- C.J. Box's Open Season - which is a murder mystery in rural Wyoming. The first in a series of books featuring game warden Joe Pickett. Ostensibly, Pickett's an unlikely hero, but he does, in his close-mouthed, good-hearted, sharp-shooting way, fit the police procedural mould. That said, as disastrous as his personal life is, Pickett's a hero with a solid family life and a heart of gold. He's not a complete paragon of ethical excellence, but nor is he a self-destroying alcoholic, serial womaniser, 'man on the edge'. The mystery, I'm afraid, is pretty predictable - the whodunnit and how are obvious from the start - but it is also secondary: it is more about a Man and Temptation, plus an absolutely lovely (and meaningful) wilderness setting.
- Kate Brian's Private - which seems to be my next Gossip Girl fix. Girl goes to elite boarding school. Politics, romance, back-stabbing all ensue. I like that our heroine, Reed Brennan, keeps - despite herself - doing what she believes is the right thing (and at unexpected times). An unexpectedly cliff-hangerish ending, so I hope the second book is as good.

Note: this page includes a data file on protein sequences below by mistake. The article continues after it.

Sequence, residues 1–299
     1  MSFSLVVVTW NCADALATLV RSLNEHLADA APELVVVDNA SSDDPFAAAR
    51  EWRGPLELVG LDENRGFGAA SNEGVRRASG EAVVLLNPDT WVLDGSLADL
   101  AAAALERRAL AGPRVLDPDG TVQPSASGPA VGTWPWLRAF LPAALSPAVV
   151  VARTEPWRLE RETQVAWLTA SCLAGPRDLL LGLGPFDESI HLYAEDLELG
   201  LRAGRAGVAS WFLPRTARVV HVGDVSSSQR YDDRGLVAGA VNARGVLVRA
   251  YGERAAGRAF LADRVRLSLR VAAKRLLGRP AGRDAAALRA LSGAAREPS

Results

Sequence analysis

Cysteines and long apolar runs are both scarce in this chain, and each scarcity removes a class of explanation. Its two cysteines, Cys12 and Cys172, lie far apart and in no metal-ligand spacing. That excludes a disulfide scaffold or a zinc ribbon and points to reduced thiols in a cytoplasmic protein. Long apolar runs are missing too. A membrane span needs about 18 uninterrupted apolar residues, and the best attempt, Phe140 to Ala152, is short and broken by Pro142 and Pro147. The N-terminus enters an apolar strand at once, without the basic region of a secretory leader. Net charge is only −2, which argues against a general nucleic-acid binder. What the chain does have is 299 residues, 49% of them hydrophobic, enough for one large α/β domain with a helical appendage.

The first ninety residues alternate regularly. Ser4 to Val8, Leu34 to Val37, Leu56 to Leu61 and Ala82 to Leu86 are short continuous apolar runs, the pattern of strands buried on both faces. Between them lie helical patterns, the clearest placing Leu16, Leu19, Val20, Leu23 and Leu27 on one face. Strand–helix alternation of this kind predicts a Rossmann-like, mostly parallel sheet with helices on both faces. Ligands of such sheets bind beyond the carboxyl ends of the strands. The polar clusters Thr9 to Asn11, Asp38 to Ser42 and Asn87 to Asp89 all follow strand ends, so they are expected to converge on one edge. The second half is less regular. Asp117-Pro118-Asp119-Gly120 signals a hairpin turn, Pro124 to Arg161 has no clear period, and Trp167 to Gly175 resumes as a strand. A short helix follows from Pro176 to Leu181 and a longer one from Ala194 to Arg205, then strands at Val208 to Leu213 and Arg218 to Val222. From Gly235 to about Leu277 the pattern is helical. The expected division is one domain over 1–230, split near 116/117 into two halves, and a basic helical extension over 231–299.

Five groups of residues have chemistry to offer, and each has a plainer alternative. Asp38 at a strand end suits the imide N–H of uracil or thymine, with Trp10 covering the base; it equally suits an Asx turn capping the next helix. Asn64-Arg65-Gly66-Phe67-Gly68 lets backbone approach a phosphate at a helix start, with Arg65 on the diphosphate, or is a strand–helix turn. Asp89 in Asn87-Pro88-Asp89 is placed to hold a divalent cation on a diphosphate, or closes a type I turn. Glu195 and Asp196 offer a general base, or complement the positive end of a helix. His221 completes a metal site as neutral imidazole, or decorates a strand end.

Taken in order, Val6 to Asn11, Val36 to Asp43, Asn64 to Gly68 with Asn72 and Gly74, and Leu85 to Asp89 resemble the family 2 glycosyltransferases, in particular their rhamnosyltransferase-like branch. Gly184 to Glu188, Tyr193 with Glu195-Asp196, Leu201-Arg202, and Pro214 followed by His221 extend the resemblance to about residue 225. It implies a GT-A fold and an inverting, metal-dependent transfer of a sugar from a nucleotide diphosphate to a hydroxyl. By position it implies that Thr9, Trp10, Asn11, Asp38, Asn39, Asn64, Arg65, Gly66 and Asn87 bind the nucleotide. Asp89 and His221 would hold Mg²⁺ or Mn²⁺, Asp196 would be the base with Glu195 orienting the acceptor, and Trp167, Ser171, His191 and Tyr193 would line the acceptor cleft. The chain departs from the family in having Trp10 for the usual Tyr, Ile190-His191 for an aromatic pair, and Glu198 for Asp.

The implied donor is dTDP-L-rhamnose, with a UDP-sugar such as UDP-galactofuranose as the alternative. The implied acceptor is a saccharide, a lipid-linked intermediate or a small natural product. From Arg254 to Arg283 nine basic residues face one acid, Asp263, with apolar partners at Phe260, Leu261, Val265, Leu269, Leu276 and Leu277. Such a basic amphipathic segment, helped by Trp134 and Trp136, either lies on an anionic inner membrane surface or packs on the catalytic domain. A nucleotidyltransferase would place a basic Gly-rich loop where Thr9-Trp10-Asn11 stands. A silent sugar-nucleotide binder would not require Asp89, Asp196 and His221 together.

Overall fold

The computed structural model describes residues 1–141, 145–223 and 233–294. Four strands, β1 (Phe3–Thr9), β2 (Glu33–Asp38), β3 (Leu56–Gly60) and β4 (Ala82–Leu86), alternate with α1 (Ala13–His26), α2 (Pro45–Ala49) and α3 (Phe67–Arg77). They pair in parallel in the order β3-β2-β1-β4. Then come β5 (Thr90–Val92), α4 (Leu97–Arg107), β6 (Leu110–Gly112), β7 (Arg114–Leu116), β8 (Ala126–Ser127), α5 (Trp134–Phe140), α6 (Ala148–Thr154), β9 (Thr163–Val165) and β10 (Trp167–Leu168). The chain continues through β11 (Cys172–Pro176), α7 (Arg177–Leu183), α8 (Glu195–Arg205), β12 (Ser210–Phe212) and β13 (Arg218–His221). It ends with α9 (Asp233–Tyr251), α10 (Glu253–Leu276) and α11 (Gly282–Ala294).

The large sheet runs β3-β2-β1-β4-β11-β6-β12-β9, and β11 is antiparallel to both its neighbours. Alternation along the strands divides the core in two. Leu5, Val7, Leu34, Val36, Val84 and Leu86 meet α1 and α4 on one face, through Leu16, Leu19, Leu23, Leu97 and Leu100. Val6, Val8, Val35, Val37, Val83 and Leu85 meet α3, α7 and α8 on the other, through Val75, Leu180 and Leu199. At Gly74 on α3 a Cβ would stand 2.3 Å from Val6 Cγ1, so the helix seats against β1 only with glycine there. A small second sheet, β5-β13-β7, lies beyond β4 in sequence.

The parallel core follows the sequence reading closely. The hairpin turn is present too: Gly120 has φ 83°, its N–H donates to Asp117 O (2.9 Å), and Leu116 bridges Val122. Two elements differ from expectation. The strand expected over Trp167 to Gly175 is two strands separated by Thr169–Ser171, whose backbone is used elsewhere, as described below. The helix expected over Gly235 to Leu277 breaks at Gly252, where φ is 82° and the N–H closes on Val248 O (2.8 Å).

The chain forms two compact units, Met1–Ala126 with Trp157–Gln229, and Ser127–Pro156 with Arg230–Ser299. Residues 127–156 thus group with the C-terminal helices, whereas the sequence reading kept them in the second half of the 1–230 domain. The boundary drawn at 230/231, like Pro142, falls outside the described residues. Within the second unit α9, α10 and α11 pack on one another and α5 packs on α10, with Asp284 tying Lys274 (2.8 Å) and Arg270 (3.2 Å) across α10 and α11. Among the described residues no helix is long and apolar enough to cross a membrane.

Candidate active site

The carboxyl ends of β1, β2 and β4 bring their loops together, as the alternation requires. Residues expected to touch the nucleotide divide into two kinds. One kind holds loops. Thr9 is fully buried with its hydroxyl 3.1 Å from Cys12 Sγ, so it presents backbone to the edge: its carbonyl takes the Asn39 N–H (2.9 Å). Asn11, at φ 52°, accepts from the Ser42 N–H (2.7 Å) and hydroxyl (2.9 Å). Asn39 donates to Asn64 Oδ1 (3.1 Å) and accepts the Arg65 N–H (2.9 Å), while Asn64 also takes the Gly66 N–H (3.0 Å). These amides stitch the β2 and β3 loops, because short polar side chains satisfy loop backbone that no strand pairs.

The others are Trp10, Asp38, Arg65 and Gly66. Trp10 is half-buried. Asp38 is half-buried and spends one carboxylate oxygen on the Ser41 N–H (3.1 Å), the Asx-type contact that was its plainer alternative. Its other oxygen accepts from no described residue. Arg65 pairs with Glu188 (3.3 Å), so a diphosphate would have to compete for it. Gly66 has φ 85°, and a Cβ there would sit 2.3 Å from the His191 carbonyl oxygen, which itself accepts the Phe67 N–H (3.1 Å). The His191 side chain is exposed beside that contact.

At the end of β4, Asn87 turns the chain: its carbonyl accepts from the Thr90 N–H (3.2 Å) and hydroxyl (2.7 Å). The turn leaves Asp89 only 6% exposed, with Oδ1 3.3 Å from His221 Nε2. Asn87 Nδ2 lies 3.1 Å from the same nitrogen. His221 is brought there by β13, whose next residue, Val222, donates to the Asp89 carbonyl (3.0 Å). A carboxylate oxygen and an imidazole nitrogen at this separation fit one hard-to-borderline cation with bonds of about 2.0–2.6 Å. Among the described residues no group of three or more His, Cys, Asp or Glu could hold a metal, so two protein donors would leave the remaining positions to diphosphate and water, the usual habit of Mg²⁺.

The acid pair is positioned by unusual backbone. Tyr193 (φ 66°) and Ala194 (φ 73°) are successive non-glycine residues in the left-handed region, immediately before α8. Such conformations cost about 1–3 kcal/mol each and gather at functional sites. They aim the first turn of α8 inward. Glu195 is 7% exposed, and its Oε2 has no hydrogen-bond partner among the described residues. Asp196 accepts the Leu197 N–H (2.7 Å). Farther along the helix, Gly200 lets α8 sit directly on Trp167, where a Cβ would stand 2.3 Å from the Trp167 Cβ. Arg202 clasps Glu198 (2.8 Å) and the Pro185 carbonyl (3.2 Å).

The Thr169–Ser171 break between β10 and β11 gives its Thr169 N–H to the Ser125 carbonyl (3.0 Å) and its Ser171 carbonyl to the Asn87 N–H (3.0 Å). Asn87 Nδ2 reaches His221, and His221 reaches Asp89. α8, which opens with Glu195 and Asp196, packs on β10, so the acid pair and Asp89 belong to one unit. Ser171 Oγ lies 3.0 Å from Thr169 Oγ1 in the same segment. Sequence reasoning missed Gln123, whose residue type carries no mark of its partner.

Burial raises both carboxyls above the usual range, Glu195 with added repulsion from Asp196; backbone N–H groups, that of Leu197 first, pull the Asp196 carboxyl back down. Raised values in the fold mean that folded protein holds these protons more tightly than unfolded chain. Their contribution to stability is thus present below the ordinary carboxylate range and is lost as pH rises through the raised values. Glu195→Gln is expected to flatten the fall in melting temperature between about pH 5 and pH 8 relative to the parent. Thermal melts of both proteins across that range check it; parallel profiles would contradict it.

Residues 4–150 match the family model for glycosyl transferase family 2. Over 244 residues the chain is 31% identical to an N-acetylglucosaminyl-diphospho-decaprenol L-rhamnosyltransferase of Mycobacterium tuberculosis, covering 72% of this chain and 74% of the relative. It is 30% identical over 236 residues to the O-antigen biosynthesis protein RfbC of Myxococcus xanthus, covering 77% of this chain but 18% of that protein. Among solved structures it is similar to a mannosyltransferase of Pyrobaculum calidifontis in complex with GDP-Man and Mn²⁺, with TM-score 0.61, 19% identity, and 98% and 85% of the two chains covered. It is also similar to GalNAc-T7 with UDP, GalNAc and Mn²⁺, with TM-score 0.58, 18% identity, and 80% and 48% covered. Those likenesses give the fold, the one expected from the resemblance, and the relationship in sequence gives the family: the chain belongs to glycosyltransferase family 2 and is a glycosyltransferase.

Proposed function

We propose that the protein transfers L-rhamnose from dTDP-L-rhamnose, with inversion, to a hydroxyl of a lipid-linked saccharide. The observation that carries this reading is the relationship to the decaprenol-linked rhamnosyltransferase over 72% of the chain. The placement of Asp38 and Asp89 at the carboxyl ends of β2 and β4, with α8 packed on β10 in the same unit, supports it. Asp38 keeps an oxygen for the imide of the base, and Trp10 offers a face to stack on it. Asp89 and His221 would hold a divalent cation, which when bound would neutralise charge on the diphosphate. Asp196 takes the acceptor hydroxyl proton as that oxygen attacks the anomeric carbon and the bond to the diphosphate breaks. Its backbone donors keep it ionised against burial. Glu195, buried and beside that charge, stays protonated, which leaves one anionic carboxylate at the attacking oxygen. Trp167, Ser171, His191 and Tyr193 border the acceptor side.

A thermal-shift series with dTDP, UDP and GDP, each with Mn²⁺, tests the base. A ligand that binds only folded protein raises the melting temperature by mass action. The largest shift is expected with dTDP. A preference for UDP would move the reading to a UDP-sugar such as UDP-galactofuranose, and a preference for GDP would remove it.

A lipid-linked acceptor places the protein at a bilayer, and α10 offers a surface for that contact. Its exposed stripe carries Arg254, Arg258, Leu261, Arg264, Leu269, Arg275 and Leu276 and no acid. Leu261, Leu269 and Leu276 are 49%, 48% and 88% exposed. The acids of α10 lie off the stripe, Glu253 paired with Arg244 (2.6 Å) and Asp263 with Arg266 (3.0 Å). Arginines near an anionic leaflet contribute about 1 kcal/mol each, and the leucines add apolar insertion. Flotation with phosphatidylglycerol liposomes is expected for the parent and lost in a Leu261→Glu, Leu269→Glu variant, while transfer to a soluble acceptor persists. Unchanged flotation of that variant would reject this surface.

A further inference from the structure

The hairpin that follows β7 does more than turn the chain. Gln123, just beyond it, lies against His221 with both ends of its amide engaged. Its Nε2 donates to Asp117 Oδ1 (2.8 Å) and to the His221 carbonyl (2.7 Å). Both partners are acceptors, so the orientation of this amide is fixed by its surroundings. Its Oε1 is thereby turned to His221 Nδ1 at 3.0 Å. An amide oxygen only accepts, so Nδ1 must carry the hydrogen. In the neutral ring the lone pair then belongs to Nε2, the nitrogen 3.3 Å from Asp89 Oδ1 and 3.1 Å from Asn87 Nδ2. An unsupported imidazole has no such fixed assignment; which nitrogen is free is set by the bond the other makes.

- John Mitchell Ames' The Last American - which is an 1889 tale of Persian explorers in a post-Apocalyptic America. It is absolutely stunning. I'd suggest ditching the Gutenberg version and finding one of the Archive.org scans with all the original illustrations - they make the book. It is a combination of dark humour and light adventure, although there's still an irritatingly jingoistic underbelly that peeks out in places. But, overall, an interesting historical artifact, a great look at turn-of-the-century concerns, a beautiful book and an interesting fantasy travelogue.
And a few other older works that I'm glad I've read as a matter of personal enlightement: Edward Ellis' The Huge Hunter, or, the Steam-Man of the Prairies, W.S. Lach-Szyrma's Aleriel, Richard Jeffries' After London and the first in Pauline Lester's Marjorie Dean series. Basically, early steampunk, early space opera, early post-apocalyps and early YA. Good fun, even if some of them were a bit stodgy.
Finally, a nod to Courtney Milan's "Brothers Sinister" trilogy, plus the standalone novelettes. A fun, spicy series of saucy historical romances that cheerfully embrace anachronism in favour of progressive, out-spoken and generally adorable characters. I'm fairly sure there's a lesson in there. Perhaps something about, "you can actually do whatever you want, and don't have to be stuck in a reactionary rut because a misguided sense of 'historical accuracy' demands it"? If Milan can write feminist characters in a Georgian setting, perhaps creators of entire secondary worlds could figure something out. Maybe.